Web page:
Global Economic Citizenship: The End of Nationalism?

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As more and more executives strive to gain citizenship abroad, in particular by investment, Portia Vincent-Kirby at Hudson McKenzie explains how the future could look different when it comes to national and international citizenship.

With ‘passport shopping’ on the rise amongst international elites, how long will it be before the traditional concept of the nation-state becomes a shadow to the new developing sun of globalisation?

Accessorizing oneself is no longer a matter of designer handbags, luxury cars and yachts – the latest trend amongst the global wealthy is the accumulation of passports.

As an aid to this nationality-acquiring process, “Citizenship by Investment Programs” (CIPs) allow those with the funding to do so, to be able to proceed along a “golden visa” route.

This route allows high-net worth individual to obtain citizenship of a specific country, providing that they can economically invest to a substantial degree. For instance, in some countries, investors are rewarded with residence permits which can lead to citizenship after five years.

Thus, the birth of the “global citizen” is on the up-rise, as a fashionable status to be recognised worldwide. With economic citizenship becoming rapidly a popular pursuit, as if nationality was a commodity to be acquired in its numbers, many high-net worth individuals showcase their status as a ‘global citizen’ by being a citizen of several countries, rather than just their original country of birth.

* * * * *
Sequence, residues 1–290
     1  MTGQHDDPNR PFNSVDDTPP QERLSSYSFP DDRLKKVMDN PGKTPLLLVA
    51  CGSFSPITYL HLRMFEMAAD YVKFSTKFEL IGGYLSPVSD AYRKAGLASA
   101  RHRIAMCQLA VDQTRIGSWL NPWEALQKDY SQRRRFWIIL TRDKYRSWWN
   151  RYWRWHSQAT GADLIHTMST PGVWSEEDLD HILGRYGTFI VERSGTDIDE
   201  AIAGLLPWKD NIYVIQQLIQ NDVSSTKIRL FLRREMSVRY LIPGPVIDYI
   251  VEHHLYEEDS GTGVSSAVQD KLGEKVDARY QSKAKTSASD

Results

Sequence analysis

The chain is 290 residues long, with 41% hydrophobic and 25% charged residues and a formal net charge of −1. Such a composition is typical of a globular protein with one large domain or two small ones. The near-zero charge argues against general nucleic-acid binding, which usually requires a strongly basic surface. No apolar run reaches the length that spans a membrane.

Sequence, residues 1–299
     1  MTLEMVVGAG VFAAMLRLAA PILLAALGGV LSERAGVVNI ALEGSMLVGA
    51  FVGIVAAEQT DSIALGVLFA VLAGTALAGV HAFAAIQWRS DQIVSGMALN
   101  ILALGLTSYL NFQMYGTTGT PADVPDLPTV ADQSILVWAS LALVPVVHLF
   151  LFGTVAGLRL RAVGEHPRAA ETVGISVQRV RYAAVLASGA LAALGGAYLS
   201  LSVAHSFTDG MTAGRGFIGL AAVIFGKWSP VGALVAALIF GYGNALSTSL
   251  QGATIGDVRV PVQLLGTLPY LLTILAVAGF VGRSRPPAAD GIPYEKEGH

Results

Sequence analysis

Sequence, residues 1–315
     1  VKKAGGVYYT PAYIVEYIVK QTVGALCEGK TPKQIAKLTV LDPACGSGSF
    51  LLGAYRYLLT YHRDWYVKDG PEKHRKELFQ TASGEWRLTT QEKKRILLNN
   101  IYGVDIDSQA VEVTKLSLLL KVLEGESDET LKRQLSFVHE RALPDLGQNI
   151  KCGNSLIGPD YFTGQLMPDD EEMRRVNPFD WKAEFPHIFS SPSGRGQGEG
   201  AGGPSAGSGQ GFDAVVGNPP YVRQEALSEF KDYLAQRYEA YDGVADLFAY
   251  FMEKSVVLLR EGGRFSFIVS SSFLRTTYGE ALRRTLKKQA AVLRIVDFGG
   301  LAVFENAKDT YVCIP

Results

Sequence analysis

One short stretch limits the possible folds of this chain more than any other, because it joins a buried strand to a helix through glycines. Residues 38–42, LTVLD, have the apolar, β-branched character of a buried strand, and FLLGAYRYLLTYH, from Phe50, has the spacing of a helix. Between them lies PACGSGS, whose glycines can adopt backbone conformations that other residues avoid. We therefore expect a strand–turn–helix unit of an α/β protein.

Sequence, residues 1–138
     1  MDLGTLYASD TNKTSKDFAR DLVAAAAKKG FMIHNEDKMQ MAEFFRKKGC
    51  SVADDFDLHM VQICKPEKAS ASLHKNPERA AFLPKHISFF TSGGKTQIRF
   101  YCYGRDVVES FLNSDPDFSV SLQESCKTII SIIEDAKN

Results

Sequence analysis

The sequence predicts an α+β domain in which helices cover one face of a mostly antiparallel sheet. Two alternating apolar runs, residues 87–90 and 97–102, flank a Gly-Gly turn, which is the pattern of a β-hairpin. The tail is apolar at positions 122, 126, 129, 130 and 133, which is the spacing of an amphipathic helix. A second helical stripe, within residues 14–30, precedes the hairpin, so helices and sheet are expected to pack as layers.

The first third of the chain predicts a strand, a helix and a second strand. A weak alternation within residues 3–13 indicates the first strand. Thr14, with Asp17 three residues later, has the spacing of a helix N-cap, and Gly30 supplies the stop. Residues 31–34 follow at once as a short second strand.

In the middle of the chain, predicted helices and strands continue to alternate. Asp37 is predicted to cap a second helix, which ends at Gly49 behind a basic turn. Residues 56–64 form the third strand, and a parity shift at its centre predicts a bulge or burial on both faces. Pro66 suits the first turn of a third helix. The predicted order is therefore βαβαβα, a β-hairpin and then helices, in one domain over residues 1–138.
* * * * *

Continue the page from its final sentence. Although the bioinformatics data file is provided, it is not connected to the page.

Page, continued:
However, could the rise of the global citizen lead to the eventual demise of the nation-state altogether?

For example, it could be questioned that if citizenship can be bought at ease based upon a price that a person is willing to invest, what integral foundations does the concept of being a ‘national citizen’ have? Is nationalism and the idea of being a ‘national citizen’ now only reserved for the poor?

With Citizenship-by-Investment programs booming, as nationality statuses continue to be bought at a price rather than inherited, global immigration is likely to face dramatic changes in times to come.

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